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Daddy's boys show who's still the boss

[Times photo: Jim Damaske]
Bobby Bowden, left, huddles with son Tommy after his Seminoles pounded the Tigers 54-7.


© St. Petersburg Times, published November 5, 2000

TALLAHASSEE -- With the demands of football keeping his father, Bobby, away from home frequently, whenever Tommy Bowden received a spanking as a youth, the punishing hand belonged to his mother.

Nowadays, the whippings come from dear old dad.

And they hurt worse.

The No. 4 Florida State Seminoles, fueled by another sterling performance from Heisman Trophy hopeful Chris Weinke and another stifling defensive effort, routed No. 10 Clemson 54-7 Saturday night before a raucous, record crowd of 82,514 at Doak Campbell Stadium.

"We really got on them tonight," FSU coach Bobby Bowden said. "If we play as well as we can, we think we're going to win. Sometimes you don't play as well as you can, but we nearly did tonight."

The Seminoles (9-1, 7-0) wrapped up not only a ninth straight Atlantic Coast Conference title in their nine years in the league but the automatic berth into the Bowl Championship Series that goes with it.

That's the first goal.

Not the last.

The Seminoles, who saw Miami easily beat No. 2 Virginia Tech earlier, are aiming for their third consecutive trip to the BCS finale, the Jan. 3 Orange Bowl, and the showing against the Tigers (8-2, 6-2) didn't hurt their chances.

"We're playing against a Top 10 team and our goal was to win and win convincingly to prove to people that we belong up there," said Weinke, who threw for 521 yards to give him 3,490, breaking the FSU single-season record of 3,317 set by Thad Busby. "And we did that tonight."

That's something they didn't do in last year's meeting with the Tigers. They had to rally from a 14-3 halftime deficit and hung on for a 17-14 win when cornerback Tay Cody partially deflected a field goal.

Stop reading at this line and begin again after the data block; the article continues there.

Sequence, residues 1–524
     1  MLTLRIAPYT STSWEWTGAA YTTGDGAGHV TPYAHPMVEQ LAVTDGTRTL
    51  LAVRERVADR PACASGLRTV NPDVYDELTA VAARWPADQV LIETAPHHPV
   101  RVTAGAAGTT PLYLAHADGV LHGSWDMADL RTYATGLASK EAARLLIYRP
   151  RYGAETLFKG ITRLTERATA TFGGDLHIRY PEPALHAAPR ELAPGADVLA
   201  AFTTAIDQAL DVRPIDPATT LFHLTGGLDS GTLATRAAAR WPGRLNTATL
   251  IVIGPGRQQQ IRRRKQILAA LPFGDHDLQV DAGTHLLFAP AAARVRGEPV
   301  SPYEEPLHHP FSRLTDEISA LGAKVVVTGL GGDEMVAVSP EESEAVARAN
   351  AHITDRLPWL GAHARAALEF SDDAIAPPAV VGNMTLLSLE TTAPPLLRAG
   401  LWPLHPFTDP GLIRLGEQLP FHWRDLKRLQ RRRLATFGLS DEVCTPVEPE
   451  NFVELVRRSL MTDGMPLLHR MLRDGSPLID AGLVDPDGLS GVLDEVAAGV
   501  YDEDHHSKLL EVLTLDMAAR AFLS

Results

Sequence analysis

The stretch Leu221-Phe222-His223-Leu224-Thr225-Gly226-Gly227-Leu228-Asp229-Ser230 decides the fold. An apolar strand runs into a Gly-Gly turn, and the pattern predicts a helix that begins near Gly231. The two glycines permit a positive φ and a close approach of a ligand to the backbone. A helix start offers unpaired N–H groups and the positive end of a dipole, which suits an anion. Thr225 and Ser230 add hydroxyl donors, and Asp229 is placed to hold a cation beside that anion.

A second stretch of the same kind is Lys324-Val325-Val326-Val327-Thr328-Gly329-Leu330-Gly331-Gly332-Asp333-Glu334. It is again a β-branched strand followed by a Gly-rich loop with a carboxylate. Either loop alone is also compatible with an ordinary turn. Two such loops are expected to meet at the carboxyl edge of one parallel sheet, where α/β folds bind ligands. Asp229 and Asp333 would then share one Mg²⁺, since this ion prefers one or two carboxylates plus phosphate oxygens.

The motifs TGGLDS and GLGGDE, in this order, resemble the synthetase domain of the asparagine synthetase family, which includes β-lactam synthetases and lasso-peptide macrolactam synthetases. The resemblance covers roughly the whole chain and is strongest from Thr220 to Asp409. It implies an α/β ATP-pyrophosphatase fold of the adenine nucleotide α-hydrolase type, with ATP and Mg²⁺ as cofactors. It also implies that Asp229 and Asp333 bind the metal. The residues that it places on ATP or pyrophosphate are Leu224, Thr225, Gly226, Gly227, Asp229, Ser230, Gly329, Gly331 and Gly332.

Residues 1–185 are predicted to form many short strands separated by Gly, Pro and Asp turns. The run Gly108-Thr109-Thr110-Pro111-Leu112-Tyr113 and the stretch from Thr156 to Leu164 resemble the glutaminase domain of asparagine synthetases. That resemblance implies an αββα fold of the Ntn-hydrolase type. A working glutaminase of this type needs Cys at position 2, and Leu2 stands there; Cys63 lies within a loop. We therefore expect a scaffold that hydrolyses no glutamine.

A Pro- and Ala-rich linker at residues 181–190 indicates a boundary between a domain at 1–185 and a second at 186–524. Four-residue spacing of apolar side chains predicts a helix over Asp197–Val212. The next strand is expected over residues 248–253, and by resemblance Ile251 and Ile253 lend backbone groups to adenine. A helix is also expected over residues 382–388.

Saturday, the Seminoles weren't affected by the buzz surrounding that game: the first father-son coaching matchup in major college football history; Papa Bowden going for his historic 300th win; the last-minute return of Peter Warrick from a two-game suspension.

"I wouldn't say we weren't focused last year; we were playing there," senior linebacker Tommy Polley said. "It's hard to beat teams at their homes. You go to places like Gainesville, Miami, Death Valley, you expect a tough game."

Just like opponents expect when they venture into Doak Campbell Stadium, where the Seminoles own the nation's longest home unbeaten streak (now 51 games) and home winning streak (34 games). Tommy Bowden called it an obvious "comfort zone" for the Seminoles. But the Seminoles also took comfort in what they recognized in the tape of Clemson's 31-28 loss Oct. 28 to Georgia Tech. George Godsey, the former Tampa Jesuit star, exploited Clemson's pass defense for 454 yards and three touchdowns.

"I think they felt like the defense they played against us last year, which obviously stumped us, would work again tonight," Weinke said. "They did a few different things in the second quarter that slowed us down a bit in terms of protection, but they went right back to the defense they played last year and the difference was we executed a lot better."

FSU racked up 771 yards, 87 shy of the school's single-game record set in 1992 against Maryland.

"They played well and they are on a roll," Tommy Bowden said. "They have done it to more people than us."

With his team up 3-0 on freshman kicker Brett Cimorelli's 28-yard field goal, Weinke began the second series in what looked to be a sure-fire running situation: at his 2 after a 75-yard punt by Jamie Somaini.

Instead, Weinke superbly faked a handoff to senior tailback Jeff Chaney, nonchalantly stood in the end zone with the ball on his left hip, turned and fired a strike to Marvin Minnis for a school-record 98-yard touchdown pass.

Clemson made the game interesting for a while. Junior quarterback Woody Dantzler, who began garnering Heisman Trophy support before sustaining a left ankle injury against North Carolina that limited his play the past two weeks, answered with an impressive 80-yard drive that junior tailback Travis Zachery capped with a 4-yard run.

The Tigers had a chance to tie the score, but instead of trying a 37-yard field goal, Bowden opted for some trickery a la his father. Kicker Tony Lazzara, a former Shorecrest High star, took the direct snap, rolled right and threw across the field to holder Jeff Scott.

"They lined up differently than they usually do on their field goals and I just felt like something was up," said Cody, who stopped Scott well short of the first down.

From there, it became a matter of how much FSU would win by, not if it would win.

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